Where are you at the moment and what are you listening to?
I’m currently at work, listening to Global Chillage by The Irresistible Force (a Mixmaster Morris project) that a friend recently recommended. I’m a bit behind and hoping this mix can hone in my concentration, because it’s Friday and working on this on the party bus later won’t be ideal.
There’s an interesting story behind your name. You mentioned it in the Facebook message, but you can just reiterate it here for the sake of the interview?
Well the name came from a few places I guess… I’m originally from Perth, an hour north of Glasgow, I began to frequent the city to meet up with Esa (Highlife / Dekmantel / Ata Kak) where he showed me some basics on Ableton around the time I was 15. My mum is a massive history geek and she would demand we visit a nearby art museum called ‘The Burrell Collection’ after most sessions. It’s a really beautiful space and the more I read into it I learned that in 1995, the year I was born, people came from all over the UK to protest against its demolition by the Glasgow City Council. I guess the idea of preservation and paying homage to your roots is always something i’ve tried to convey through music, as bait as that might sound.
No association to the Burrell brothers then?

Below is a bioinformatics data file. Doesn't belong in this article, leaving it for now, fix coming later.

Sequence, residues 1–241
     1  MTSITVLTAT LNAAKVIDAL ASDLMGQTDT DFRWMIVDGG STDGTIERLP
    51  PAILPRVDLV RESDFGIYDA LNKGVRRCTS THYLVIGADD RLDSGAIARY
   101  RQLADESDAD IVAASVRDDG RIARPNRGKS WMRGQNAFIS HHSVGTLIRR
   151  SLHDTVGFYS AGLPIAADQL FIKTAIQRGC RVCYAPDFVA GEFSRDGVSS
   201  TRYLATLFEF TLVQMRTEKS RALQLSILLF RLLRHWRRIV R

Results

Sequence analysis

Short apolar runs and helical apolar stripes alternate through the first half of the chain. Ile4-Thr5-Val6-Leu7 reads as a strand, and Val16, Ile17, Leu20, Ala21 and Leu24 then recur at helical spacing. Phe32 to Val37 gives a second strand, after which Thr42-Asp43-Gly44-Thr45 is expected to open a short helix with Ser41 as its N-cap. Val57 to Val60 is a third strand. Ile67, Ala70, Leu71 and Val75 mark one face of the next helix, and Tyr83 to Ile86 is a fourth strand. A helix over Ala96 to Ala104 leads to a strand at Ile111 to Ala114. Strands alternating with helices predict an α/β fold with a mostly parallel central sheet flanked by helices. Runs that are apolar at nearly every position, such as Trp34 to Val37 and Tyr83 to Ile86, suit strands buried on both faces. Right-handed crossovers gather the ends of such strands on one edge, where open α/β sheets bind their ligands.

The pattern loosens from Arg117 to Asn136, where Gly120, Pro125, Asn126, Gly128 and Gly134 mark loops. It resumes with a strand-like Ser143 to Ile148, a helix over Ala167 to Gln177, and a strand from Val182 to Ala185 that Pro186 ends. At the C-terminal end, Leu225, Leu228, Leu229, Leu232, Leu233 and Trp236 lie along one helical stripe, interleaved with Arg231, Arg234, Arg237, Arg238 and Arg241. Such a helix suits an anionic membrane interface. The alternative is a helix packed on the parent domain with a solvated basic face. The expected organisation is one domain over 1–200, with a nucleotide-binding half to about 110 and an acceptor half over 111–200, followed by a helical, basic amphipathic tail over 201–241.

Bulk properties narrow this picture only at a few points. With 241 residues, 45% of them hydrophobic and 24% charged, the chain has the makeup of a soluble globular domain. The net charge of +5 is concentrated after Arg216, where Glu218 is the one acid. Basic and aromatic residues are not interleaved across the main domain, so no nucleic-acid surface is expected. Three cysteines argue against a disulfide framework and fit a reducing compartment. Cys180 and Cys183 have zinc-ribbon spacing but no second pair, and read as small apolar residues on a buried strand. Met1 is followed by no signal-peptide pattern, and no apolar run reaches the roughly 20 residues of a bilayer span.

Sadly not, but I guess you could say they’re part of the ‘connection’. My mate Asher gave me one of my first records when I moved to Glasgow, a Burrell Brothers alias on Strictly Rhythm which certainly resonated with me. I went through a real ‘Nu-Groove’ phase when I was 16-17 so the sounds of the Burrell Brothers definitely influenced my early productions.
What was your life like before making music and what lead you on the path as a recording artist, DJ, life performer et al?
I’ve been making music since I was around 13. I can’t really remember much before then, probably where I was when I heard that 9/11 had happened, a few holidays, my first gammy. Life was a lot simpler then. With regards to the path, I guess growing up around and looking up to like minded people, many of which have always encouraged and inspired me to make and play music has been the greatest influence – it’s unlikely i’d be doing it if it wasn’t for them.
What instrument, musical or otherwise was instrumental in establishing your sound / ideology / creativity as an artist?
I bought a beat-up Juno 6 from a ‘1 hit wonder’ trance producer (who I won’t name) back in 2015, it’s the very first Juno that Roland ever made – it’s quite basic but after some tlc the sound is incredible, you can’t save patches or presets and it has no MIDI. Constantly having to switch up and program my own sounds, not getting lazy using presets etc (not that they can’t be a good starting point at times) definitely helped me to learn a lot about synthesis, knowledge I’ve been able to transfer to other pieces of equipment I’ve acquired after. Ableton is very important to my process for post editing, and let’s not forget that a lot of us wouldn’t be here if it wasn’t for a cracked copy of Fruity Loops once upon a time.